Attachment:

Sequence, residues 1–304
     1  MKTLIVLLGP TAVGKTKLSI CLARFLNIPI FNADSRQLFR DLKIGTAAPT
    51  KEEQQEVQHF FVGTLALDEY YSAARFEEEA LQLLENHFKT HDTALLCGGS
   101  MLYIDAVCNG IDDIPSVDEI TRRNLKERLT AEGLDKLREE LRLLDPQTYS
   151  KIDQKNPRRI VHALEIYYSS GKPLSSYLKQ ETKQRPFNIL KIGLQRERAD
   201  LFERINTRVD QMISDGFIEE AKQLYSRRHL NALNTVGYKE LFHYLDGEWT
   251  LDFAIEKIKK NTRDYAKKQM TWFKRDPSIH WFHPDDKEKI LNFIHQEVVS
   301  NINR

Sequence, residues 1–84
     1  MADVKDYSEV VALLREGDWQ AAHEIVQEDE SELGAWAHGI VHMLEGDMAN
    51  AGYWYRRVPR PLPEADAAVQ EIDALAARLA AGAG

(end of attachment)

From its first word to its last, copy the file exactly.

Sequence, residues 1–304
     1  MKTLIVLLGP TAVGKTKLSI CLARFLNIPI FNADSRQLFR DLKIGTAAPT
    51  KEEQQEVQHF FVGTLALDEY YSAARFEEEA LQLLENHFKT HDTALLCGGS
   101  MLYIDAVCNG IDDIPSVDEI TRRNLKERLT AEGLDKLREE LRLLDPQTYS
   151  KIDQKNPRRI VHALEIYYSS GKPLSSYLKQ ETKQRPFNIL KIGLQRERAD
   201  LFERINTRVD QMISDGFIEE AKQLYSRRHL NALNTVGYKE LFHYLDGEWT
   251  LDFAIEKIKK NTRDYAKKQM TWFKRDPSIH WFHPDDKEKI LNFIHQEVVS
   301  NINR

Sequence, residues 1–84
     1  MADVKDYSEV VALLREGDWQ AAHEIVQEDE SELGAWAHGI VHMLEGDMAN
    51  AGYWYRRVPR PLPEADAAVQ EIDALAARLA AGAG